National Press Club Lauds Victory for Press Freedom in Watada Case

In a statement on its website, the National Press Club said:

Members of The National Press Club join their colleagues around the nation in celebrating the news that two journalists will not be subpoenaed to testify in the court martial of an Army officer, who has conceded that his quotes disparaging the administration's conduct of the war in Iraq were accurate.

Freelance journalist Sarah Olson and Honolulu Star-Bulletin reporter Gregg Kakesako were subpoenaed by the Army, which planned to call on them to verify quotes made by 1st Lt. Ehren Watada, who was charged with conduct unbecoming an officer and missing troop movement. Two of the three conduct charges have been dropped in exchange for Watada's agreement that he was quoted accurately.

"This is a big win for all journalists," said Jerry Zremski, president of the National Press Club, which took a stand last week against the Army's subpoena of Olson. "When the government tries to drag reporters into court to testify about their work, it undermines their ability to freely report the news – and that means it undermines the First Amendment. The victory we achieved here is a sign that we can fight – and win – these battles for a free press."

John Stauber, executive director of the Center for Media and Democracy, which founded Defend the Press, the coalition that supported Olson, said, "I think the fact that this was such an important matter to the National Press Club sent a wake-up call to the Army prosecutors and became a turning point in our case to drop the subpoena of journalists."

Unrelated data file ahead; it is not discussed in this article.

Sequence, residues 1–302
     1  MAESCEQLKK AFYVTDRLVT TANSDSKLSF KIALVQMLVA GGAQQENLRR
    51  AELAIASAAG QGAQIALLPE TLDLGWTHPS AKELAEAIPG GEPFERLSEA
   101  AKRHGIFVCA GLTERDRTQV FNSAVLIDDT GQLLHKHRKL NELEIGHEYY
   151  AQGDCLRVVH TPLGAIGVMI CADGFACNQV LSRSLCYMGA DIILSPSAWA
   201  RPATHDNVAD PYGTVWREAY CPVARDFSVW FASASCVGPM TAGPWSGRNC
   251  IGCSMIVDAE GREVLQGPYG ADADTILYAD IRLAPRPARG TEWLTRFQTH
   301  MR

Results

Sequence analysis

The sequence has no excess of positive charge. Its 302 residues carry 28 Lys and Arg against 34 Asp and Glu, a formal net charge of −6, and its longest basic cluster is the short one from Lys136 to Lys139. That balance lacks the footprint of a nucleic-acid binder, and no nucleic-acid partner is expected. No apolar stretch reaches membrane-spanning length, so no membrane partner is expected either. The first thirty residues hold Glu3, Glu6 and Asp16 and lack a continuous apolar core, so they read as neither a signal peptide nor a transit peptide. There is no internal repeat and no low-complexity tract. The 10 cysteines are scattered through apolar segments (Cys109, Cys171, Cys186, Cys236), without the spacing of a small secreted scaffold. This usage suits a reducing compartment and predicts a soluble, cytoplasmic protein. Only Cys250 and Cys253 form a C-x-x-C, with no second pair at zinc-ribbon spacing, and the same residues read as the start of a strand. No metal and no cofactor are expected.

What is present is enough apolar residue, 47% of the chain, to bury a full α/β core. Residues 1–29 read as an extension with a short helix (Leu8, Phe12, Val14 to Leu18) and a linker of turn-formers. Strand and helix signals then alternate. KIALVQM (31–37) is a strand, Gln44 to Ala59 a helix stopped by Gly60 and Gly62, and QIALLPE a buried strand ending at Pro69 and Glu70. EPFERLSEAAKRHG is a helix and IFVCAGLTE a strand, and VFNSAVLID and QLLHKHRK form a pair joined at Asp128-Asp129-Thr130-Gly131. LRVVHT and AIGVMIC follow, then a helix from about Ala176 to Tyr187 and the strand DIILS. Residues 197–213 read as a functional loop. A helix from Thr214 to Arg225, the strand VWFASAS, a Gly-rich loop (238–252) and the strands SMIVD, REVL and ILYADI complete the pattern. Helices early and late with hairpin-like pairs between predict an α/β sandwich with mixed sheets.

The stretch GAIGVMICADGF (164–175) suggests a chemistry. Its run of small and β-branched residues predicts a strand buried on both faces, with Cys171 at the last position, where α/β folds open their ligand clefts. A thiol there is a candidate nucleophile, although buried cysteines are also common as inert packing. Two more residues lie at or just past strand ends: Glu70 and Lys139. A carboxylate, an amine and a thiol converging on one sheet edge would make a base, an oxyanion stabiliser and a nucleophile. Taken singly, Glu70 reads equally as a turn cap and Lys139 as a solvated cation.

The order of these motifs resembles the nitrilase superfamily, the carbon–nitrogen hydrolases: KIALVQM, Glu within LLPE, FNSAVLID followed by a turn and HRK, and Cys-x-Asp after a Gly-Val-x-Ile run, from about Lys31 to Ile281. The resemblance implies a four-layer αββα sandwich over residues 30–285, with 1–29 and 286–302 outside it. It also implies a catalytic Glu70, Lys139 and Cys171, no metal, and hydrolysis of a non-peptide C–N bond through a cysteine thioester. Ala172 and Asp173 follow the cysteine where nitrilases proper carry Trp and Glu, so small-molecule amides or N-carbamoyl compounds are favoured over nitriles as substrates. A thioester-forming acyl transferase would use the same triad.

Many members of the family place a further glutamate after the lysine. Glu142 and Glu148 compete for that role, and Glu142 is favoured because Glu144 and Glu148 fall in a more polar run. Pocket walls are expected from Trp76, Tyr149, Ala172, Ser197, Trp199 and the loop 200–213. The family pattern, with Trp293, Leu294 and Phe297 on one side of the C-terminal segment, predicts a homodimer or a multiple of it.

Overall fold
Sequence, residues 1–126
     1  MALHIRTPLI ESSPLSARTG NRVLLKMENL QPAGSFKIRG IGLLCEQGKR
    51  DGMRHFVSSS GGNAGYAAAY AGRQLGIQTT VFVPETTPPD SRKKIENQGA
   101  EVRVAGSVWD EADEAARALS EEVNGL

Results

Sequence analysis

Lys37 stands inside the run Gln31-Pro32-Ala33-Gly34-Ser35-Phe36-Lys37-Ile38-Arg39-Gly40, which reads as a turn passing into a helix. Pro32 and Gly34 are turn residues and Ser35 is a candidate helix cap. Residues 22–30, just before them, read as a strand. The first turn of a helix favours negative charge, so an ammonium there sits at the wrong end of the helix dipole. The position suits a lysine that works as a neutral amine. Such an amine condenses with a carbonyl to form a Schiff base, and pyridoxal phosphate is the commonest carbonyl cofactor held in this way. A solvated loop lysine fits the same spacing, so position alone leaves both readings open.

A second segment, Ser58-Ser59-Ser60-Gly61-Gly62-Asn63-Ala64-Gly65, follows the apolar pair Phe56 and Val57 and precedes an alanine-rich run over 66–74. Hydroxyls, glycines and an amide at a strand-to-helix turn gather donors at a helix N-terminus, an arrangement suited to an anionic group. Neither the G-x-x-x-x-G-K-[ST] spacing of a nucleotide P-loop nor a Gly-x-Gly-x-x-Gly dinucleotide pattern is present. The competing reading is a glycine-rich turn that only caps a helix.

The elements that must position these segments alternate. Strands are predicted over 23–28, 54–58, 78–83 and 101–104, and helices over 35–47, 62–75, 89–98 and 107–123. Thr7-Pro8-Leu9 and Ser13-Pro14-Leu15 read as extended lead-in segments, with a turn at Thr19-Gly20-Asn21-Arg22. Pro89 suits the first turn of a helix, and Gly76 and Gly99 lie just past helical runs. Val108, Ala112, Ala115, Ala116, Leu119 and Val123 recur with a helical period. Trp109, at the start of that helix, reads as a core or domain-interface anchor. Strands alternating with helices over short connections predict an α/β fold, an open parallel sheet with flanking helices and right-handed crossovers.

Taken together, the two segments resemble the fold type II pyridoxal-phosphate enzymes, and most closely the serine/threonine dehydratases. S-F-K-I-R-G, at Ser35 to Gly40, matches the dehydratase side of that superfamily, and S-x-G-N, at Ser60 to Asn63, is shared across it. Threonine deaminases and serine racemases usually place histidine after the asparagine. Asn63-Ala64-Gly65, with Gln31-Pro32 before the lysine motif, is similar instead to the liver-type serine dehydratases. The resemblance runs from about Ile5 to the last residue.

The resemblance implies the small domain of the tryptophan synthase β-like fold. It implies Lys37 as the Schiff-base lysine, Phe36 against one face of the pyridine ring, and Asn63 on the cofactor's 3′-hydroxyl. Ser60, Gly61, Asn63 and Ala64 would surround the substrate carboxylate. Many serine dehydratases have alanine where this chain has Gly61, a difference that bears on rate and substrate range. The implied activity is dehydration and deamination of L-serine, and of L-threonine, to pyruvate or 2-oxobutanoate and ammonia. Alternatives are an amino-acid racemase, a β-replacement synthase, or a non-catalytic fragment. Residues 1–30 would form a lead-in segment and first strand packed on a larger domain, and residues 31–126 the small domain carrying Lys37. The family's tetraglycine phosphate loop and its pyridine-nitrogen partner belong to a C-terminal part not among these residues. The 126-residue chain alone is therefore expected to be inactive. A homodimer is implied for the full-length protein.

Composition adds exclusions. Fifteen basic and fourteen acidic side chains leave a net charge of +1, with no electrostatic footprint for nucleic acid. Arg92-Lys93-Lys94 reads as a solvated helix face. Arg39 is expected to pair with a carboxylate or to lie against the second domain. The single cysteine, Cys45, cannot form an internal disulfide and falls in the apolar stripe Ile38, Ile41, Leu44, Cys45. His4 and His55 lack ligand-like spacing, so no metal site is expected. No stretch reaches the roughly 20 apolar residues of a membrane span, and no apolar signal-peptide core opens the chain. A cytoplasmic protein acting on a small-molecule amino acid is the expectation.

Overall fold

Olson called the development "a victory for the rights of journalists in the U.S. to gather and disseminate news free from government intervention, and for the rights of individuals to express personal, political opinions to journalists without fear of retribution or censure." She added, however, that "preservation of these rights clearly requires vigilance."

Olson is slated to join Defend the Press at a press conference in the National Press Club's Zenger Room at 2 p.m. on Thursday, Feb. 1.


It's one small step for the press. And I'm glad they are off the hook. But let's pray that the press doesn't consider itslf off the case. And I don't mean simply the Lt's case. I mean the military-'justice' case. And since the MJ system is metastasizing into the civil (and Constitutuional) realm, then to kick some tire regarding the MJ/JAG system will lead to reversing the dangerous writ-creep that is starting to deform and weaken our Constitutional protections. It's not for nothing that Bush is appointing many ex-JAGs to serious positions: their approach to Law is that it is to be put at the service of Command and that they are the go-to guys for that 'mission'. Brrrrr. Grrrrr. Citizens of Press, to the barricades!

While I admire Ms Olsen's stance, it is important to note that the struggle IS NOT over. The reason Ms. Olsen's testimony is no longer necessary to the government building the case is not because the government had some great constitutional epiphany, but rather because Lt. Watada essentially got the reporters off the hook by attesting to the veracity of their reporting. I'm glad it has turned out this way for the press, but I do not see that it is in any way indicative of an idealogical "win".

It took the Army prosecutors to agree to drop the subpoenas of both the journalists and activists, and it took [[Sarah Olson]]'s bravery and obstinance, and the thousands of emails generated by and the scores of notable individuals and organizations putting their names on the line to force the Army to back off. Let's not make light of this as a major victory for press freedom, facilitated of course by the integrity and bravery of both Sarah Olson and [[Ehren Watada]]. It takes a powerful movement of citizens to stop wars and to protect rights of a free press and free people.